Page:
october 2014
commitment through giving

Each of you should give what you have decided in your heart to give, not reluctantly or under compulsion, for God loves a cheerful giver. 2 Corinthians 9:7

October is the time when we begin to settle into fall, a new school year for families of children and the regular pace that returns at the end of summer. At Rocky River Baptist we begin a new church year in September, but Labor Day and warm weather mean that many weekends are still vacation days for church families. October marks a turn to a more regular pace.

And that makes it a good time to consider how God desires for each of us to contribute to His church in this coming year. We do not ask members to sign pledge cards to declare how much money you will give to the church this year. However, we do ask that you make your giving to God’s church a matter of prayer. What does God want you to give? How can you make a deeper commitment to Him through giving?

The Old Testament law instructed God’s people to give ten percent of their income, a tithe, to the work of the Temple and its priests. Even as He was condemning the Pharisees, Jesus applauded their commitment to giving a tithe. “You give a tenth of your spices – mint, dill and cumin. But you have neglected the more important matters of the law – justice, mercy and faithfulness. You should have practiced the latter, without neglecting the former” (Matthew 23:23).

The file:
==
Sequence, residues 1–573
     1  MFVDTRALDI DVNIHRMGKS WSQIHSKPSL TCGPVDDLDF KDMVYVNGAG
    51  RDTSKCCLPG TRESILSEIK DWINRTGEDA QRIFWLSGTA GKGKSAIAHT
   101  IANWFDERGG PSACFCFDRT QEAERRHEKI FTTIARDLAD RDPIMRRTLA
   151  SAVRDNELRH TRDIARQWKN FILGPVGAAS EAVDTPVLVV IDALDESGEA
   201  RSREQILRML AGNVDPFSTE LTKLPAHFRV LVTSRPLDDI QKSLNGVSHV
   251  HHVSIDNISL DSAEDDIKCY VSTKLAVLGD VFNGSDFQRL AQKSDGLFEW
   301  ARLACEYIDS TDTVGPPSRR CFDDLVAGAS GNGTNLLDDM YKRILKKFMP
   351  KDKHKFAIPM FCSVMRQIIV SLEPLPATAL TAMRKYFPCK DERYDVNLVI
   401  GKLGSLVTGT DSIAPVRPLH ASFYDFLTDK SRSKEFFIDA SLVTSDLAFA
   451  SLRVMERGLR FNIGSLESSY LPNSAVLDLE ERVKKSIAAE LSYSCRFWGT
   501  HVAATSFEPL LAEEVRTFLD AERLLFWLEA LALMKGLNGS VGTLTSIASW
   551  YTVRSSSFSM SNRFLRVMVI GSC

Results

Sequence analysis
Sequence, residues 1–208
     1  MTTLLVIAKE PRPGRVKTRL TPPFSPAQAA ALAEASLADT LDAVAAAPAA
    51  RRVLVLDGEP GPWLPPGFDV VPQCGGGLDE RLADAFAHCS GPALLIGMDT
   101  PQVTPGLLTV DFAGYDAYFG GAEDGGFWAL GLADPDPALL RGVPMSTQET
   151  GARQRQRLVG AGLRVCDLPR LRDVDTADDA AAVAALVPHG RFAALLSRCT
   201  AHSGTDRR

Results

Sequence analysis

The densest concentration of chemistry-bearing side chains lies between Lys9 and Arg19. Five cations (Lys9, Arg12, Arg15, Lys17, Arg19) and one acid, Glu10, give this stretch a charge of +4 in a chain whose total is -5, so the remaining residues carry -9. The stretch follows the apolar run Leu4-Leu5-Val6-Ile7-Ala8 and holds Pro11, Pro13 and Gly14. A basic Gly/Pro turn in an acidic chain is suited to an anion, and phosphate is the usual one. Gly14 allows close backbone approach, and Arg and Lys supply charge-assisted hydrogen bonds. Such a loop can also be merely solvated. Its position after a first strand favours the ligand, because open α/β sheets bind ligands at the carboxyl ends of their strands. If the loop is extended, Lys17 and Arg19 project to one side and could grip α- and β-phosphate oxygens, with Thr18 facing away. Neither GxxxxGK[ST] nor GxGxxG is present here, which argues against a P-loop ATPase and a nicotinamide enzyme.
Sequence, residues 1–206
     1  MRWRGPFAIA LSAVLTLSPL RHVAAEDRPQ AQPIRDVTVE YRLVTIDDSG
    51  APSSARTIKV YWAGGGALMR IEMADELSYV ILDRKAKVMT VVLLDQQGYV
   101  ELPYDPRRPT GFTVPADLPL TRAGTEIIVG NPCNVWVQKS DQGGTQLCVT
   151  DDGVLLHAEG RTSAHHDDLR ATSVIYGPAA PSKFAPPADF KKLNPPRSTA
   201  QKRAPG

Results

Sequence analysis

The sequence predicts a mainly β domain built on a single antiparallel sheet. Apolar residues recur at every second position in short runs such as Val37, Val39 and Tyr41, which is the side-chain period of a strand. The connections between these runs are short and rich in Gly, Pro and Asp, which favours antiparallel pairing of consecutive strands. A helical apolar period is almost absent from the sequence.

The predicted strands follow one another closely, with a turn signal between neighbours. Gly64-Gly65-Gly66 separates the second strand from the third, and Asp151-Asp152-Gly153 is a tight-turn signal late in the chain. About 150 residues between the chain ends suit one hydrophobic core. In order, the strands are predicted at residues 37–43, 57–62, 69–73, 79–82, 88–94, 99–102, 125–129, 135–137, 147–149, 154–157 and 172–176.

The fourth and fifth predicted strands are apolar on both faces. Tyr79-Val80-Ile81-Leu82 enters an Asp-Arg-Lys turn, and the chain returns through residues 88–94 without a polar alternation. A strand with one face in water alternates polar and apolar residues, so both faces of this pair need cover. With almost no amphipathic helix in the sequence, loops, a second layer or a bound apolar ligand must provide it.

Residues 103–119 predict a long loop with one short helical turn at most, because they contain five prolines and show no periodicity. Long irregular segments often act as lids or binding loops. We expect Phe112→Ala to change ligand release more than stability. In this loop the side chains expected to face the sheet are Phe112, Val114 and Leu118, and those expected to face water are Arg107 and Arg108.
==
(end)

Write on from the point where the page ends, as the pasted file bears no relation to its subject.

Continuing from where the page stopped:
So now is a good time to recommit ourselves to supporting God’s church through giving. Maybe it is not possible for you and your family to give ten percent at this time. That is between you and God. But giving is a spiritual blessing and a spiritual discipline. In Acts as Paul is sharing his heart with the Christians in Ephesus just before he must leave them, he reminds them that Jesus said, “It is more blessed to give than to receive” (Acts 20:35). This is the heart of Jesus and His followers.

september 2014
our new associational missionary

My prayer is not just for my disciples alone. I pray also for those who will believe in me through their message, that all of them may be one, Father, just as you are in me and I am in you. John 17:20-21

On Monday night August 18, the churches of the Sandy Creek Baptist Association (SCBA) met at Sandy Branch Baptist Church. We voted to call Eric Davidson as the new associational missionary.

Eric has been serving as interim associational missionary for the past year. Eric has been a bivocational pastor in Lee County and served in various ministry positions throughout his life. As we begin this new chapter in the life of the SCBA, I would like to remind you to pray for Eric and the association of Baptist churches that he leads.